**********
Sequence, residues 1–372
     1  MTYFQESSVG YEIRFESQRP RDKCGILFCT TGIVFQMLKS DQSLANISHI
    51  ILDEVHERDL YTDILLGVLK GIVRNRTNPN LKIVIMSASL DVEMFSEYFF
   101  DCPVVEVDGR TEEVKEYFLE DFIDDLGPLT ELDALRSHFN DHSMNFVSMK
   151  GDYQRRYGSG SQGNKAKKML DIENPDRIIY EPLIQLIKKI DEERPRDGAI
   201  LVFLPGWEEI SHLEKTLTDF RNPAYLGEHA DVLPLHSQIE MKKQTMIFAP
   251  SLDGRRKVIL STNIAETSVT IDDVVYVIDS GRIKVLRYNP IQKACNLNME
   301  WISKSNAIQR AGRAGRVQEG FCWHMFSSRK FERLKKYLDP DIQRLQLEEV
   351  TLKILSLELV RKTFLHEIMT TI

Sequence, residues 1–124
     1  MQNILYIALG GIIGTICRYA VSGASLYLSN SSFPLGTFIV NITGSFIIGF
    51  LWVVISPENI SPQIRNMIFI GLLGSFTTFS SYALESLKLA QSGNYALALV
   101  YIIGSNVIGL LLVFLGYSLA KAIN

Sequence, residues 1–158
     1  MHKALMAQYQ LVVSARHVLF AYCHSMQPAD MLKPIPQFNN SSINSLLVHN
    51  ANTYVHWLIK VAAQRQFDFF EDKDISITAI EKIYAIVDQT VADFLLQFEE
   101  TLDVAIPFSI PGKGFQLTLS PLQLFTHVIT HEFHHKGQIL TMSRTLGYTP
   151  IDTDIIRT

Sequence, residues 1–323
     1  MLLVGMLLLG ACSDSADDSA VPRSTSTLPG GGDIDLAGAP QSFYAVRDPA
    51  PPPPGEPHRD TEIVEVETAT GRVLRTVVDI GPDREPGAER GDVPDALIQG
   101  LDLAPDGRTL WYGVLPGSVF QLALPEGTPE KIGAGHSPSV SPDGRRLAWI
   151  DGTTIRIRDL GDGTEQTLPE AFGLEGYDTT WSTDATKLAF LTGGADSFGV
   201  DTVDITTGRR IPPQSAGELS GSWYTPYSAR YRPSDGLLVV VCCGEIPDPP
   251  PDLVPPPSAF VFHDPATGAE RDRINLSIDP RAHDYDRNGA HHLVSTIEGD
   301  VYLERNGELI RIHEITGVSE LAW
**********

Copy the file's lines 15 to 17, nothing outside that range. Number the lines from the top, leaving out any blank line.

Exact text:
     1  MHKALMAQYQ LVVSARHVLF AYCHSMQPAD MLKPIPQFNN SSINSLLVHN
    51  ANTYVHWLIK VAAQRQFDFF EDKDISITAI EKIYAIVDQT VADFLLQFEE
   101  TLDVAIPFSI PGKGFQLTLS PLQLFTHVIT HEFHHKGQIL TMSRTLGYTP